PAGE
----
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Sunday, August 31, 2014

16 hours in the ER; 16 hours well spent

Long wait times in hospital emergency departments are a persistent problem around the world. The American College of Emergency Physicians in a paper on ER overcrowding reported:

"The news media have given great attention to the crowding “crisis” in emergency departments as if this were a recent development. However, as far back as 1987, after sustained and unsolvable problems with crowding, the first statewide conference on crowding was held in New York City. . ."

Recently, The London Free Press ran a story reporting that ER wait times at London Health Sciences Centre (LHSC) University Hospital (UH) have been as long as 19 hours. The newspaper went on to bemoan the fact that patients with serious conditions were "spending hours in the ER." Although this is all true, this is not the whole story.

Less than two weeks ago I spent 16 hours in emergency at UH. Those 16 hours may well have been the most import block of time in my entire life. Those 16 hours led directly to my undergoing emergency surgery for a life-threatening bowel obstruction.

Two mornings earlier I had awakened with a severe pain in my gut. By mid-afternoon I was at the St. Joseph Urgent Care Centre. The service was fast but that is all I can say for it. When nothing could be found to explain my pain before the centre closed at six p.m., an unnamed virus was blamed and after a shot of morphine for pain I was sent home. I asked to stay overnight for observation but was told that St. Joe's does not have any rooms for that purpose.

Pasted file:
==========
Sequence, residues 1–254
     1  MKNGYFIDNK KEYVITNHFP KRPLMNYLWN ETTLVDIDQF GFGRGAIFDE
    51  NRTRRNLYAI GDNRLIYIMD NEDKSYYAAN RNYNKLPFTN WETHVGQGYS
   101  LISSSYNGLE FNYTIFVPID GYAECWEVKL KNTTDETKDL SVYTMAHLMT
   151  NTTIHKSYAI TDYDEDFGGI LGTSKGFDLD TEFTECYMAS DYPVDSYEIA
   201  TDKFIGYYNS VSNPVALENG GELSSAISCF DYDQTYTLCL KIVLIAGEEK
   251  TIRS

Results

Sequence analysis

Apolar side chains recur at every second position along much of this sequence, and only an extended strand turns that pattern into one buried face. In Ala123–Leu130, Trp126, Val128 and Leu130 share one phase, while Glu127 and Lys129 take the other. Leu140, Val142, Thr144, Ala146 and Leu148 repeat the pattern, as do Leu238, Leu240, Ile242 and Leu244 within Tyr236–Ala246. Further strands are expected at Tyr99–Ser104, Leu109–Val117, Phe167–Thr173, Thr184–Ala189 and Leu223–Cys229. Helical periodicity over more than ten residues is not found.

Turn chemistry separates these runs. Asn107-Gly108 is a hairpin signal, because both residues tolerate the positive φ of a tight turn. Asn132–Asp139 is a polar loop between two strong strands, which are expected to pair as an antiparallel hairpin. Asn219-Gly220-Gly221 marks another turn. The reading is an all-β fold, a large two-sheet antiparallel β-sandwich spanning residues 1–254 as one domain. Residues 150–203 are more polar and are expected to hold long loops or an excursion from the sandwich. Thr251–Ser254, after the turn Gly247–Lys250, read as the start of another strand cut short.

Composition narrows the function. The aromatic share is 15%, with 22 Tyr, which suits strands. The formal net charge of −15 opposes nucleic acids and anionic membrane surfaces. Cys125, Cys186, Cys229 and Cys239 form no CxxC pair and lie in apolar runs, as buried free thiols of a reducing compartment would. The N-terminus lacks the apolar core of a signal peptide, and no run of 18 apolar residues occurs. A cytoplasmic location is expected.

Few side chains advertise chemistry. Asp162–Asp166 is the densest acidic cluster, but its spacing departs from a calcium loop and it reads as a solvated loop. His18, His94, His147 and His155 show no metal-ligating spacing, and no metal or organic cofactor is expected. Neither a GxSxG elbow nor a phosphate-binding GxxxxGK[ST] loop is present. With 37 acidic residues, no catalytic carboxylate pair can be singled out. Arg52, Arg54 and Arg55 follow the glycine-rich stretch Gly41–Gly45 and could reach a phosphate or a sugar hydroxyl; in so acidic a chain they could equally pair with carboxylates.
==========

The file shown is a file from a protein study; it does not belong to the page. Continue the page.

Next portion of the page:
An interesting aside: This lack of rooms is a main reason St. Joe's fared so well in the CBC Rate Your Hospital report. Patients appearing on St. Joe's doorstep who are exceedingly ill, possibly dying, are often shipped off to University Hospital. UH takes the patients, the responsibility and the risks. St. Joe's accepts the accolades for its lower than usual mortality rates.

Now, back to my story. As soon as the morphine wore off, the pain returned. I suffered all night. My difficulty with keeping stuff down, a problem dismissed by the doctor at St. Joe's, was now a constant. As I take meds for my heart and other meds to prevent stroke, I feared I was losing these all-important pills when I got violently ill. By late afternoon I called the doctor at UH who monitors my meds. I was instructed to get to the UH emergency department immediately. This was serious.

I arrived by ambulance at the ER shortly before five in the afternoon. I was parked in a hallway but I was not parked and forgotten. An EKG was done and I believe blood was taken for testing. I'm not sure how long I was in the hallway. I really didn't care. The pain had been so severe that I was just grateful to be in the hospital where I was receiving something for the pain.

At some point in the early evening an ER cubicle became free and I was moved to a small bed in the ER. I met with an ER doctor who immediately ordered x-rays. He was concerned I might have a bowel obstruction. I did.

It seems a tight band had formed around part of my small intestine. Why it formed was not clear but what was clear was that it had to be removed and soon. The tight band was shutting off blood flow to a section of my intestine and if not removed soon would irreparably damage the trapped intestine. Surgical removal of the damaged section of intestine would be necessary.

But the doctors in ER faced another complication. I take Pradaxa. This is an anti-coagulant or a blood-thinner in common parlance. Unlike coumadin, there is no easy way to reverse the effect Pradaxa has on blood's ability to clot. Major surgery can result in life-threatening bleeding in patients taking Pradaxa. Discontinuing Pradaxa a day or two before surgery is the usual answer but my doctors did not have that luxury.